During the conflict in Kosovo in 1999, she said, she traveled by taxi to the provincial capital, Pristina. Ethnic Albanians were being expelled or fleeing in fear from towns and villages. Serbian police looted and burned their homes. At police checkpoints, Kandic convinced guards that she was on her way to rescue Serb relatives, and they let her pass.
Kandic dodged NATO bombs as she traveled from town to town. She collected testimony on expulsions and mass killings. Once, security agents detained her for eight hours on the way to the southern city of Prizren. "First, they said: 'We know who you are. You could be disappeared.' But they let me go," she recalled. "Look at me. I'm little. I'm a woman. I'm not a scary person."
Kandic, 59, considers the waning years of Milosevic's rule, which ended in 2000, the most dangerous period of her career. It was a time of assassinations and roundups of journalists, opposition activists and student protesters. "Until then, Milosevic ignored us," she said. "We were few and served one purpose. He could point to us as proof of democracy."
In 2000, Col. Svetozar Radisic, then the Yugoslav army spokesman, told reporters that Kandic "should be sentenced for what she is doing. A person who puts forth such allegations might be a psychiatric case." She remained free even as she organized legal defenses for Kosovo Albanians held in Serbian jails.
In Sid, she was looking into a mass killing during the Kosovo war when she heard about the Srebrenica tape. Originally, 20 copies were made, she said. Later the Scorpions' commander realized the images could be used against him and ordered them destroyed. However, one Scorpion, who was at odds with his comrades and was not present at the executions, made an extra copy for himself. Fearful, he hid the tape with confidants in Bosnia, Kandic said. She set out to find it.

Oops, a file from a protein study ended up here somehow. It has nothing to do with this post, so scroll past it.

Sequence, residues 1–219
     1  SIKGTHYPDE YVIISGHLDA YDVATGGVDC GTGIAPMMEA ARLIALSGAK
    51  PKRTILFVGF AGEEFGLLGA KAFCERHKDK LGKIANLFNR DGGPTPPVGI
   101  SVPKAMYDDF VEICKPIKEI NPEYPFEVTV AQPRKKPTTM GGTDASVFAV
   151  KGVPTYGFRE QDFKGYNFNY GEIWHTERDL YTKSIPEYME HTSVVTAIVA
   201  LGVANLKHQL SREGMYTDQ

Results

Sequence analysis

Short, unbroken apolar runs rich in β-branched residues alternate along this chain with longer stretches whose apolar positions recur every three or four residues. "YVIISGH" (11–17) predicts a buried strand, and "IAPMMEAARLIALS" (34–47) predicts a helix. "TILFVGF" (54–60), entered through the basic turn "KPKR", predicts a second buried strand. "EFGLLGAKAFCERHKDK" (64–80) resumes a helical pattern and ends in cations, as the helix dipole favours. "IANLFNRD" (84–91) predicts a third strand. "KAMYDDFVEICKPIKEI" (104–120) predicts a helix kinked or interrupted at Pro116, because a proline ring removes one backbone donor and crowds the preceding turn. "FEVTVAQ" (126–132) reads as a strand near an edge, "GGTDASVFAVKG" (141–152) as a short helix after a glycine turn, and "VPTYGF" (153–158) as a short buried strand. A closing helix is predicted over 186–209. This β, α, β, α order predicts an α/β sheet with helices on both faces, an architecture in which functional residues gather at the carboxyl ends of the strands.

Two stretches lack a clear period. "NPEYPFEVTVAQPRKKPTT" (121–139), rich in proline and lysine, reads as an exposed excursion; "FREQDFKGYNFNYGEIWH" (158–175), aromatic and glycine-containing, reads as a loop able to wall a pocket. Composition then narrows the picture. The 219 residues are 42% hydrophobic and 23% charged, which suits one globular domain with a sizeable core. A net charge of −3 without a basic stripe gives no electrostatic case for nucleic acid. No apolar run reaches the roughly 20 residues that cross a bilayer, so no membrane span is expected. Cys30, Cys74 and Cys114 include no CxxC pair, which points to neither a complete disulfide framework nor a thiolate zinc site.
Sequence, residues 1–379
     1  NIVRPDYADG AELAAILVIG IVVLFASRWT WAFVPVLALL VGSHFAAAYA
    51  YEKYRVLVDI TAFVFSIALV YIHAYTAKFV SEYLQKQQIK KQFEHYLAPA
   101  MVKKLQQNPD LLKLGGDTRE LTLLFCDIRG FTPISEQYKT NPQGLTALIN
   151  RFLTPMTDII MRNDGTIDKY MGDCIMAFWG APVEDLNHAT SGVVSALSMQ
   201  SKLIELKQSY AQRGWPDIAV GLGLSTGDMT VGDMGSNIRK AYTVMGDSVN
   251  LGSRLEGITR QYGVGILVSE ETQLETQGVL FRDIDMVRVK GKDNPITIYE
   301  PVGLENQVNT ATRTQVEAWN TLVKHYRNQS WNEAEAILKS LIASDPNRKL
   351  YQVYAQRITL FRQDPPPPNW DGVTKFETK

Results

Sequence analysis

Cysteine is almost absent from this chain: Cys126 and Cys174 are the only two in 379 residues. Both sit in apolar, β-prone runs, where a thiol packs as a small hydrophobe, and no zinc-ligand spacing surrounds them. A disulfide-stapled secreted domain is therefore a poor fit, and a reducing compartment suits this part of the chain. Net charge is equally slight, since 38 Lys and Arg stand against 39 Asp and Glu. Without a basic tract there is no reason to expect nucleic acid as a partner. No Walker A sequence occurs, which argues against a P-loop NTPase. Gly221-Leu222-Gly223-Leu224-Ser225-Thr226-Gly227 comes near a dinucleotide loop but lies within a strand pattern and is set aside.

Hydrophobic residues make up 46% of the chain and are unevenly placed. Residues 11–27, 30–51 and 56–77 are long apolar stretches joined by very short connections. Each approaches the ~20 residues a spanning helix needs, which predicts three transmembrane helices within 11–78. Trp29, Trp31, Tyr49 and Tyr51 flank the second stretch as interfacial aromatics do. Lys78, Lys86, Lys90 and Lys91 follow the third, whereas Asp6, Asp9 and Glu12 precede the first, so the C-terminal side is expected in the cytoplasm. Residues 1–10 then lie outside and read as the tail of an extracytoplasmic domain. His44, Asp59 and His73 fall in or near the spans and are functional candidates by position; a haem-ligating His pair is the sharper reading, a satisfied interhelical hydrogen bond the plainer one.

Other Scorpions, who had learned she was looking for a copy, began to scour Sid for it and harassed anyone they thought might have it. Finally, Kandic found the tape in Bosnia. She agreed to publicize it only when the owner and other informants were out of Serbia. That was accomplished on May 20.
The Scorpion tale provides a key to proving high-level Serbian responsibility for war crimes, Kandic said. "The Scorpions just didn't wander around on their own. They were ordered from place to place. . . . They were integrated into the war machine."
The Scorpions were first dispatched to guard oil fields in Croatia and to fight. They later took part in the siege of Sarajevo, the Bosnian capital. When Mladic launched an assault on Srebrenica in July 1995, he used Scorpions to evacuate and kill Bosnian prisoners, Kandic said.
The Scorpions also appeared in the Kosovo town of Podujevo on March 28, 1999, and massacred a group of 14 women and children in the walled garden of a small house. The local commander of the Scorpions unit in Podujevo, Sasa Cvjetan, stood trial in Serbia last year for the killings. He was found guilty and sentenced to 20 years in prison -- a sentence imposed again last week after a retrial. Kandic was deeply involved in bringing the Podujevo case to trial and was on its trail in Sid when the story of the Srebrenica tape surfaced.
The video begins with the Scorpions taking blessings from a Serbian Orthodox priest in Sid, then traveling through the Balkan countryside and sleeping in a wood. Six bound prisoners are shown being transported in a truck. Later the Scorpions force them to lie face down on the roadside. The captors taunt them.
"Did you ever have sex?" asks one commando. "Never?"
"You're innocent?" asks another. "I'd be innocent, too."
There is discussion about whether the video camera has sufficient battery power to record the whole scene and whether the tape needs changing. When all the bodies are in the house, one Scorpion demands permission to fire three more bullets at the corpses.
The tape ends with a pig roast.
Kandic wrapped up the interview after a caller told her the Serbian government was willing to open a war crimes investigation in another case she had worked on. A Serb paramilitary commander named Nebojsa Minic, who allegedly killed numerous civilians in western Kosovo when he ran a unit called Lightning, was under arrest in Argentina. She had fingered him as a culprit.
"All these cases are important," Kandic said and rushed off.